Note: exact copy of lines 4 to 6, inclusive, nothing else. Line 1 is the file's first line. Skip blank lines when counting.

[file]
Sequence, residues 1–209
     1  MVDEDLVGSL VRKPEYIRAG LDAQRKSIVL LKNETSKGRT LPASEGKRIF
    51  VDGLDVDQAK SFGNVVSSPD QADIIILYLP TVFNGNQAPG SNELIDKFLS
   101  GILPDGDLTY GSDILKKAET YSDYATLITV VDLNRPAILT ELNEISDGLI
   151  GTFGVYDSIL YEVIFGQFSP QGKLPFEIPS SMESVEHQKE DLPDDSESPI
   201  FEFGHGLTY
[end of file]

   101  GILPDGDLTY GSDILKKAET YSDYATLITV VDLNRPAILT ELNEISDGLI
   151  GTFGVYDSIL YEVIFGQFSP QGKLPFEIPS SMESVEHQKE DLPDDSESPI
   201  FEFGHGLTY